Authentic Choice In Attendance Part II

Yesterday’s post elicited a lot of comments on social media and stories from parents around the country about their loss of parental rights to direct the lives of their children when it comes to school attendance.

A parent whose school requires a doctor’s note for every absence.
Not every illness requires a visit to a physician to prescribe. (Chicken pox comes to mind. Pink eye is pretty easy to figure out, too.) And what a waste to spend money needlessly diagnosing what the parent already knows. (And what about the illnes that goes through the family. (Are we really supposed to bring each child in as they come down with an illness, particularly if the physician said it was a virus and they should do nothing but wait it out?)

A school nurse who made the wrong call on a sick child endangering her life

My child went to the school nurse to say she was having an asthma attack and needed her inhaler (which, according to school rules has to be kept in the nurse’s office). The nurse told her she wasn’t wheezing (over 25% of asthmatics don’t) so no inhaler and she had to go back to class. My daughter her laid her head on her desk and “fell asleep” until the end of school. The teacher then put her on the bus. They never called me! My daughter barely dragged her way in the door and I knew immediately she was suffering so off to the ER we went. My daughter had to be on a nebulizer and spent a week at home in recovery. You have to bet that nurse heard from me! She nearly killed my daughter – who was allowed to carry her own inhaler from them on.

One mother related a story that will be familiar to many and shows that the policy is sweeping in families it was most likely never intended to affect, the ones who are already deeply committed to their childrens’ education.

I was told to bring my child(ren) to school and have their temp. taken so that they can excuse the absence. How absolutely stupid!! I’m a parent and know when my child is sick! My oldest child missed 11 days (not all consecutive) in one semester because she was sick with the flu, got strep throat, and she attended her great grandmothers funeral. I called in everyday to excuse her. I got a letter from the Vice Principal’s office telling me that I needed to meet with her to discuss an “Attendance Plan”. Mind you, I volunteer in my 3 children’s classes at the school weekly, I was the 2nd VP of Ways and Means for the schools PTA, a very known person around campus, not one to keep my kids home for school just because. I raised hell…. I was not going to be PUNISHED for my child being sick! The Vice Principal agreed to waive me from signing the “Attendance Plan” which in part stated that I will make sure that my child be on time and not miss any school for a set amount of time. I was then told to bring the child(ren) in to have their temp taken if they were sick. I was also asked to bring a death notice to get the day they missed for the funeral excused. I laughed and walked out.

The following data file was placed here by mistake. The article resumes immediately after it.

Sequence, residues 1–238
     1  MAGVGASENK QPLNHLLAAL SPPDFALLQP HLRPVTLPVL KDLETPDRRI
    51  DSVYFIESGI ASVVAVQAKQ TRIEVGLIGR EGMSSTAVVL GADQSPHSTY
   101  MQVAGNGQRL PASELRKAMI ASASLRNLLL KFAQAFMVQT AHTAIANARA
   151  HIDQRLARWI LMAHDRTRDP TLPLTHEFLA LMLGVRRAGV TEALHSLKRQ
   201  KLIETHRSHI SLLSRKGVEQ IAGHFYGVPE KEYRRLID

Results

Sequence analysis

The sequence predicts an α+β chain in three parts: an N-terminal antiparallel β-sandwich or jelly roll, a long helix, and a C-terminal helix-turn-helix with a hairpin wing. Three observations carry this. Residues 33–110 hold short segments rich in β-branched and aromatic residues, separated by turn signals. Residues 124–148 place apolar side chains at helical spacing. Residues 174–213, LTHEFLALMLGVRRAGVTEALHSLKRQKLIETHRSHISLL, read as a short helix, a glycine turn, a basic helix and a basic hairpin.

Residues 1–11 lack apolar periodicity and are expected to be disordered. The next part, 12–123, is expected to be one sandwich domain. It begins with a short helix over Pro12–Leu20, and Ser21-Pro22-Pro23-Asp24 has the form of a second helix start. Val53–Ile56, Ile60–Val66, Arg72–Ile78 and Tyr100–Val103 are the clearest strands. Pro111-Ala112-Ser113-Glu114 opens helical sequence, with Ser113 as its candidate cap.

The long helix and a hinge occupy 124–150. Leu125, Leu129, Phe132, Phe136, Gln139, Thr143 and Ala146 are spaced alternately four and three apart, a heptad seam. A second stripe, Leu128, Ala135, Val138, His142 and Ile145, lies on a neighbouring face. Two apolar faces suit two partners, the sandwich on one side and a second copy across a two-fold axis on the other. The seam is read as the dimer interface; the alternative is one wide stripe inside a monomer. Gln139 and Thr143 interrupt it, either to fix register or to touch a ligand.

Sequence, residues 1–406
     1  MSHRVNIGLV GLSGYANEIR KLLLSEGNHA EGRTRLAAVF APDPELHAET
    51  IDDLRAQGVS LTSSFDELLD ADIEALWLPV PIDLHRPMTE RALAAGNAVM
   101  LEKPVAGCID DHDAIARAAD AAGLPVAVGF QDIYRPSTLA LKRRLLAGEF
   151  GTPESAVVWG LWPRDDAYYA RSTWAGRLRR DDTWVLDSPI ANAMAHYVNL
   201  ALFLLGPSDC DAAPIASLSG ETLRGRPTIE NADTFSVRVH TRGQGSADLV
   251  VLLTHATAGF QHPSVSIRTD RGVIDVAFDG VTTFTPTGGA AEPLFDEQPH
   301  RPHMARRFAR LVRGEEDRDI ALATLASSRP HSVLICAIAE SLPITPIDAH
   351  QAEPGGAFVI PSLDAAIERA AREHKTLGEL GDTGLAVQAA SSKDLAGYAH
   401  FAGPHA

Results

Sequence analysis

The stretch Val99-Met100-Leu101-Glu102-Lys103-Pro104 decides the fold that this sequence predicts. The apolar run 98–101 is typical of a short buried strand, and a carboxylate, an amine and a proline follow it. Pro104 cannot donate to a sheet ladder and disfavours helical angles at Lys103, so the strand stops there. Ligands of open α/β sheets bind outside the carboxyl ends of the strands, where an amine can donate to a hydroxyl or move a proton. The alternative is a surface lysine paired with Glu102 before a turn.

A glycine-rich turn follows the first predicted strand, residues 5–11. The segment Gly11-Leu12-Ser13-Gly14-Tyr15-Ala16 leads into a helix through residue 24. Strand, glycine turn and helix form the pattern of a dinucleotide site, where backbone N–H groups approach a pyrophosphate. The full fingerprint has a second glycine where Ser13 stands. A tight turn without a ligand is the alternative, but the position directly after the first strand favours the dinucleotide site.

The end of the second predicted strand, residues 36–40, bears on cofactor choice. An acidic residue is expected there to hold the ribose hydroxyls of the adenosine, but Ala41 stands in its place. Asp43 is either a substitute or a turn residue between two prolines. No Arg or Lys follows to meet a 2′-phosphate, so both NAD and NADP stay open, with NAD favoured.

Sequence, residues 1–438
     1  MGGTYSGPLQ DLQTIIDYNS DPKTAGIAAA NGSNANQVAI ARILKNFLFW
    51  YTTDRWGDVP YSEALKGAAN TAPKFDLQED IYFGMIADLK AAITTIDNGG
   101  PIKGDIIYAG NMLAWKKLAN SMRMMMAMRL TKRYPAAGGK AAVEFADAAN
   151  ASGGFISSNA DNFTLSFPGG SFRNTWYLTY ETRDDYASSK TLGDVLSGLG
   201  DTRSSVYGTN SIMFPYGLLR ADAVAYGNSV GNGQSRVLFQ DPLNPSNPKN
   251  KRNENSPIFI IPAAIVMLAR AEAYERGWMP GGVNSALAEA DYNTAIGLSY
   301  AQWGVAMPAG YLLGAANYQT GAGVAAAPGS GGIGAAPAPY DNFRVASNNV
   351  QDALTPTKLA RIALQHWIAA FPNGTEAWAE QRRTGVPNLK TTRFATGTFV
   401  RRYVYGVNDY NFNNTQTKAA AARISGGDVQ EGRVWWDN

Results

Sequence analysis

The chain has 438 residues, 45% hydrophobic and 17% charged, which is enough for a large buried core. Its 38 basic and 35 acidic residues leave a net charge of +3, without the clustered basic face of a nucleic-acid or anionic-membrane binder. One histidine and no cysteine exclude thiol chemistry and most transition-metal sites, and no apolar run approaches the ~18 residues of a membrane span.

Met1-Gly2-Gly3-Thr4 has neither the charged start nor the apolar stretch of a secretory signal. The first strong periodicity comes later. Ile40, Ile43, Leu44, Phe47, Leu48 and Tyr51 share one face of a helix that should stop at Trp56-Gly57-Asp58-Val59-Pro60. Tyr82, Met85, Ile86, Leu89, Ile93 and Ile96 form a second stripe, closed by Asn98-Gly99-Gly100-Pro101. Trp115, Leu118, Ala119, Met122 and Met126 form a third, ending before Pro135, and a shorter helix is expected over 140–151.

The problems with new attendance policies are not unique to Missouri because the genesis of the focus on attendance WAS NOT STATE LED. It came from the NCLB waivers. The same mangled policies are being implemented nationally and similar “implementation problems” are found in all states.

This report makes the link between these policies and NCLB clear. Accountable for Absenteeism: 4 Ways that States Can Use Chronic Absence in NCLB Waiver Applications